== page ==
This is not a piece about the wrongs and rights of Arsene Wenger’s already infamous substitution in Sunday’s defeat to Manchester United. While Andrei Arshavin is awful and that is sad, this isn’t a piece about that either. And, while it’s always fun (as well as an easy way to fill up a column) to write about all the things a piece is not, this is not that piece either. Instead, this is a piece about football’s wide areas – with a few exploratory remarks on the strange way substitutions are analysed thrown in.
Jonathan Wilson, in his copious writings on football’s various tactical trends, repeats one truth: the history of tactics is the history of space. This has led Wilson, recently, to theorise on the increasing prevalence of the false-9 position and the possible (and in these pieces, redolent of crossed fingers and knocked-upon wood, the subconscious wish not to jinx it is almost palpable) return of the libero. For a long time, the period of football history coinciding with the careers of Roberto Carlos and Cafu, this tactically defining space was the full-back’s habitat.
Today, when 4-1-3-2 meets 4-1-3-1-1 meets 4-1-2-3-1, the 4-4-2 is one formation amongst many – unpopular, at the highest level at least, because of the numerical advantage it cedes in the centre of midfield. Just a few years ago, though, everyone was at (or its close cousin, the 4-4-1-1).
In that period, running roughly from the World Cups of 1994 to 2006 (the trend can be dated much earlier, but this is a set of tournaments notable for being won by the sides with the best performing full-backs: Branco and Aldair; Lizarazu and Thuram; Roberto Carlos and Cafu; Grosso and Zambrotta), midfield fours tended to meet midfield fours. This meant that, with two centre-backs being up against two centre-forwards (or a centre-forward and a withdrawn forward/advanced midfielder) and pairs of central midfielders matched up against their opposite numbers, full-backs and wide-midfield players contested the pitch’s only grey area. In other words, the wide areas were especially crucial to contests in this period because they held a battle which was, unlike that between two midfielders or between a striker and a defender, generally won by the player most effective when operating outside of the ordinary parameters of his position: a winger able to operate effectively as a defender could sway the balance in his team’s favour by checking the advances of a full-back ostensibly tasked with nullifying him and, vice-versa, an effective attacking full-back could decide games by providing extra attacking impetus.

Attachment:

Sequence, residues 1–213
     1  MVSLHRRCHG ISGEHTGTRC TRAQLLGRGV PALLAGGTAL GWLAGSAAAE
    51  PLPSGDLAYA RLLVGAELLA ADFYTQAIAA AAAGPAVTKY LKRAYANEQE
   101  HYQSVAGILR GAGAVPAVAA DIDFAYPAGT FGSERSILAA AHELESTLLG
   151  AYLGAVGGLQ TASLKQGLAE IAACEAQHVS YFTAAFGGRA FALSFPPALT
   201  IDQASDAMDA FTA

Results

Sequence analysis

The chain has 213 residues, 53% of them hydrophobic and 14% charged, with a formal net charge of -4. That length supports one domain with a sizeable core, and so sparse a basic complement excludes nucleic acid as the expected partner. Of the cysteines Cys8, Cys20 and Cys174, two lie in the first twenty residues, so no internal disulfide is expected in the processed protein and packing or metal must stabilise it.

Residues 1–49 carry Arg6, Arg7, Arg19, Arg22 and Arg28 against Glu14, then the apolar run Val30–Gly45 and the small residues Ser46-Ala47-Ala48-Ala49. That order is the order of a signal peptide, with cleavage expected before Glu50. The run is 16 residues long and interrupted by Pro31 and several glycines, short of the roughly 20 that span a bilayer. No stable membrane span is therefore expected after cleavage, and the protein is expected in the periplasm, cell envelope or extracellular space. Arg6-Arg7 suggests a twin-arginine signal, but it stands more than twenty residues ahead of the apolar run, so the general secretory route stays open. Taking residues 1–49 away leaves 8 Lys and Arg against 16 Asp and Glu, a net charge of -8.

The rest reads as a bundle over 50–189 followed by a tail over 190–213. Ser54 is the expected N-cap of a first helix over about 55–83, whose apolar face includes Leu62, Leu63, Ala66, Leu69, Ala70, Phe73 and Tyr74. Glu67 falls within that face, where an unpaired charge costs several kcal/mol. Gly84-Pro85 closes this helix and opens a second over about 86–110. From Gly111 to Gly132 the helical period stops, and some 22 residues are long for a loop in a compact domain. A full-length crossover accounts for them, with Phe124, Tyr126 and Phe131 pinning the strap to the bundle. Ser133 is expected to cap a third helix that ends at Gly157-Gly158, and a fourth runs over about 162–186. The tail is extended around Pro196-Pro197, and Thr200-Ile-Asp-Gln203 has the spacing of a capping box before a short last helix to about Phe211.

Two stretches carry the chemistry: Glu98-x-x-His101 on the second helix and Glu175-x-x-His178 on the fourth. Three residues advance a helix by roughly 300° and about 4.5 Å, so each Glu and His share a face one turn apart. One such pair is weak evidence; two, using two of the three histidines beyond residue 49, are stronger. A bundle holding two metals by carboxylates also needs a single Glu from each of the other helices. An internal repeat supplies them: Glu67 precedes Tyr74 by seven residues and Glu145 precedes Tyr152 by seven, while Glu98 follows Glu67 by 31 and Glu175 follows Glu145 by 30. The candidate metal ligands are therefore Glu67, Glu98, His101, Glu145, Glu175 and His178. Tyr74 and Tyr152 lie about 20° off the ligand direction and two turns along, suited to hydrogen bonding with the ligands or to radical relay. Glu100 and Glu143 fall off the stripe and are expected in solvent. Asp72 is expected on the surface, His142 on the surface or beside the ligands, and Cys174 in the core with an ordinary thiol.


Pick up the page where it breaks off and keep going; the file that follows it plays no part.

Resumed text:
To a large extent, in the modern environment of three man midfields and ‘high-intensity pressing’, this trend has faded. Or at least its deviation has become part of the norm. Today, both attacking and defensive wide-players are generally familiar with one another’s position, at least to the extent that your average winger is a proficient defender and your average full-back a reasonable winger.
This change has informed the opinions of fans and, as a result, their attitudes towards certain players. It is now expected, where it wasn’t before, that a wide-forward will ‘track back’ and that a full-back will be able to swing in a decent cross.
This takes us back to Arsenal. Gael Clichy’s departure to Manchester City solicited nothing like the opprobrium than did Samir Nasri’s and this can be partly explained by the relative merits of the two in the terms introduced above. One of the significant features of Nasri’s breakthrough season last year was his increased physicality and consequent ability to operate acceptably in defence. Similarly, Arsenal fans’ increasing impatience with Clichy was a result of his propensity to hammer crosses off the legs of the man in front of him.
And this brings us to Arshavin and the furor his introduction caused in the Emirates stands. The general dissatisfaction of Arsenal fans towards the Russian captain is in part caused by his apparent lack of interest in (and subsequently inadequate) defensive cover. This, it seemed, was exposed in Sunday’s game as Arshavin failed to prevent Antonio Valencia creating the chance from which Danny Wellbeck scored United’s winner. The fans’ unrest in understandable (though whether Oxlade-Chamberlain would have performed any better there is debatable) and blaming Arshavin, and by extension Wenger, for the goal fits neatly into the narrative of discontent (though it also excuses the risible attempts of, defender, Thomas Vermaelen to defend the attack – also a feature of Valencia’s goal). That narrative, at least in this instance, though, ignores another substitution made two minutes later.
Sir Alex Ferguson responded to Wenger’s change by replacing Rafael, a full-back and himself an earlier replacement for the injured Phil Jones, with Park Ji Sung, ostensibly (Park’s actually position is a post in itself), a winger. Wenger’s substitution was designed to win the game. It worked, remember, against Barcelona not too long ago. It was immediately countered, though, by Ferguson’s which ensured, first, that Arsenal’s attacking threat down that side was mitigated by Park’s incredible defensive abilities and, secondly, that his own side’s would be enhanced by the quality of Valencia’s crossing from full-back.
Ferguson, not always credited with much tactical acumen got the better of Wenger here. He did so by exploiting the extremes which defined an apparently passing tactical era: an uber defensive winger and a super attacking full-back (against Wenger’s newly introduced duo of super-attacking winger and uber defensive full-back). And, in so doing, illustrated how substitutions should be judged: not as objectively wrong or right decisions but as pragmatic reactions and, only, after the fact.